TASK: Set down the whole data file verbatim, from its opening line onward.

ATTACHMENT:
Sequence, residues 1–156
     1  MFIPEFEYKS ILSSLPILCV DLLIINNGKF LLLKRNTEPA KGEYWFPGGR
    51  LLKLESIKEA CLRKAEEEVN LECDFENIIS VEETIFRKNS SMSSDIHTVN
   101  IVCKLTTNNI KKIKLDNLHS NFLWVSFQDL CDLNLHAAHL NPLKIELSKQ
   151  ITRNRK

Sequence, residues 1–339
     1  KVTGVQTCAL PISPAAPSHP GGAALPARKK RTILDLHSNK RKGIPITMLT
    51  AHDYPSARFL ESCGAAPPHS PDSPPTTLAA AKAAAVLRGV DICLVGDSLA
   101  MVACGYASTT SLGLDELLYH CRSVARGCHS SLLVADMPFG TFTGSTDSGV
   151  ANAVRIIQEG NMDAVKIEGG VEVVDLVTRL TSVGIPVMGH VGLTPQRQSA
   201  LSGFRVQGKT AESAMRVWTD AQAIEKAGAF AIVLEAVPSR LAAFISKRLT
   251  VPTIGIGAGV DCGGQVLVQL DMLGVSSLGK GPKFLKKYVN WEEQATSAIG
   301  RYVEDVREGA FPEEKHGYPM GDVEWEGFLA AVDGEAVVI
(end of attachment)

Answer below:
Sequence, residues 1–156
     1  MFIPEFEYKS ILSSLPILCV DLLIINNGKF LLLKRNTEPA KGEYWFPGGR
    51  LLKLESIKEA CLRKAEEEVN LECDFENIIS VEETIFRKNS SMSSDIHTVN
   101  IVCKLTTNNI KKIKLDNLHS NFLWVSFQDL CDLNLHAAHL NPLKIELSKQ
   151  ITRNRK

Sequence, residues 1–339
     1  KVTGVQTCAL PISPAAPSHP GGAALPARKK RTILDLHSNK RKGIPITMLT
    51  AHDYPSARFL ESCGAAPPHS PDSPPTTLAA AKAAAVLRGV DICLVGDSLA
   101  MVACGYASTT SLGLDELLYH CRSVARGCHS SLLVADMPFG TFTGSTDSGV
   151  ANAVRIIQEG NMDAVKIEGG VEVVDLVTRL TSVGIPVMGH VGLTPQRQSA
   201  LSGFRVQGKT AESAMRVWTD AQAIEKAGAF AIVLEAVPSR LAAFISKRLT
   251  VPTIGIGAGV DCGGQVLVQL DMLGVSSLGK GPKFLKKYVN WEEQATSAIG
   301  RYVEDVREGA FPEEKHGYPM GDVEWEGFLA AVDGEAVVI